Music Therapy – An Overview

More and more people from all walks of life are stepping forth to sing the praises of music therapy.

Music Notes

It isn’t only formal, professional therapy sessions that are said to reap benefits. Many seniors suffering from depression, dementia, and various other mental ailments seem to benefit simply from listening to the music they enjoyed in earlier years.

This seems to hold true even for people who no longer recognize much of what was once familiar to them. According to a Wall Street Journal report on music therapy, some people can remember and sing songs even when they no longer remember once-familiar names and faces.

According to the same report, evidence is growing that listening to music can be important to maintaining senior health.

Music, the report states, can help stimulate seemingly lost memories and help restore cognitive function.

Some elderly patients are provided iPods, along with music they used to enjoy, for use in institutions or at home. The growing belief is that listening to familiar music from the past can help seniors with failing memories connect to past experiences. In many cases, connecting to music from the past can help elderly patients reconnect to earlier days, recreate some memories, and almost relive certain experiences.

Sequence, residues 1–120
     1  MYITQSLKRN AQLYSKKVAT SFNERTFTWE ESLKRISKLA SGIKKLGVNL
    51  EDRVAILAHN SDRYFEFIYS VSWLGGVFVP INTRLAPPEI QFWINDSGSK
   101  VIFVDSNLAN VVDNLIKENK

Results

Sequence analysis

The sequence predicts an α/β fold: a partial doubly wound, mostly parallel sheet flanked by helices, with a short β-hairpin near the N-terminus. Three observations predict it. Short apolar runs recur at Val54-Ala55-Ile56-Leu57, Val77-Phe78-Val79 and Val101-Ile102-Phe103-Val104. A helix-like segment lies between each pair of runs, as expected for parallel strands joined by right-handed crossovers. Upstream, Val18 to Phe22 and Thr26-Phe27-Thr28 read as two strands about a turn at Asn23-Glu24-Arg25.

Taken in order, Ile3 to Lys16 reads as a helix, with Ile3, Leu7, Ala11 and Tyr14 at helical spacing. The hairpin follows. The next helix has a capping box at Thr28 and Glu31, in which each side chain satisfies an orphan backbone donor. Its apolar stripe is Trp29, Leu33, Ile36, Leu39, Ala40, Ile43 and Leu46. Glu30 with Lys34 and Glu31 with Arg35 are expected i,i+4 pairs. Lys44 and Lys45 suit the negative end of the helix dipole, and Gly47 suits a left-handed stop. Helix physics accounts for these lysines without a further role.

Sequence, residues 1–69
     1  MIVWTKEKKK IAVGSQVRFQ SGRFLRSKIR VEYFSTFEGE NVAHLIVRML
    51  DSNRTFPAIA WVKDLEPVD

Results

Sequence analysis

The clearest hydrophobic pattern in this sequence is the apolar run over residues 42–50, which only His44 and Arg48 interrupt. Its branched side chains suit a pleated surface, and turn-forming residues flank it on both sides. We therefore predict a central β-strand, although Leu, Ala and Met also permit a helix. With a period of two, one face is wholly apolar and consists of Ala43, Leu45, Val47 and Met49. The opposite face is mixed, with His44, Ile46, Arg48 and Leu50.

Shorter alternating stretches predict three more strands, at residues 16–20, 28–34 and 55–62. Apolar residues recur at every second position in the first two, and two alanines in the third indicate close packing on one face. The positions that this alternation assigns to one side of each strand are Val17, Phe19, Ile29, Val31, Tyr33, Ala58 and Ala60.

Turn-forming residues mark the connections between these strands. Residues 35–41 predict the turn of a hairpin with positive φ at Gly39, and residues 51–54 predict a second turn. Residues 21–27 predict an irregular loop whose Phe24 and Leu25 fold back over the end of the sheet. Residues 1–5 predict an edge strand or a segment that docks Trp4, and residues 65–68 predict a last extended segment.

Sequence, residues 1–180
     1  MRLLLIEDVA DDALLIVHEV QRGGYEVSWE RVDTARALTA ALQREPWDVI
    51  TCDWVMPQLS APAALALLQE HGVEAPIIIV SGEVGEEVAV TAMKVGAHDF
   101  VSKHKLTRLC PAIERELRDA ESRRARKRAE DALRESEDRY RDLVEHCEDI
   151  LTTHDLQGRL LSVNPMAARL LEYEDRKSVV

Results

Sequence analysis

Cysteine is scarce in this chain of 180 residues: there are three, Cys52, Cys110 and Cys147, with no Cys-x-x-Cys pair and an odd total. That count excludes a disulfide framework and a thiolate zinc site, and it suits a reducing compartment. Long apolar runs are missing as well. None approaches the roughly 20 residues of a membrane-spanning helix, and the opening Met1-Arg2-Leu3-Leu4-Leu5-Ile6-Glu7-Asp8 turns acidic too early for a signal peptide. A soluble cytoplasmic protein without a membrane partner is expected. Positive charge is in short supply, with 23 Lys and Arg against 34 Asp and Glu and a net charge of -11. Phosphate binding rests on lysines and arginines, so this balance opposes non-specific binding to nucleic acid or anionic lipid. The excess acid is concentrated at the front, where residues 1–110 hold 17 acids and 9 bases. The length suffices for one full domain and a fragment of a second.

Involving trained music therapists in the process likely enhances the chances of getting such favorable results. According to Dr. Concetta Tomaino, executive director of the nonprofit Institute for Music and Neurologic Function, as reported in the Wall Street Journal report, an unpublished study she led showed that one hour of personalized music therapy three times a week for 10 months led to a a 50% improvement on a cognitive-function test among various patients with mid- to late-stage dementia.

According to the study, one patient recognized his wife for the first time in months.

Music therapy may be more effective for some patients than for others, but it’s hard to see how anyone can go wrong listening to music from time to time, or even daily. I’ve seen a lot of reports discussing the benefits of listening to music–both healthwise and otherwise–but I don’t recall reading anywhere that enjoying the music one loves can be a bad thing.

For people directed toward music therapy by a health care professional, Medicare, including Medicare supplement plans and Medicare Advantage, can help cover costs. More on that later.

Do you consider music important to your overall health? If so, please leave a comment telling what role music plays in your well-being, and what kind of music works best for you!

 Contact MedicareMall now and find out which medicare plan is right for you.

Music Therapy – An Overview © 2012


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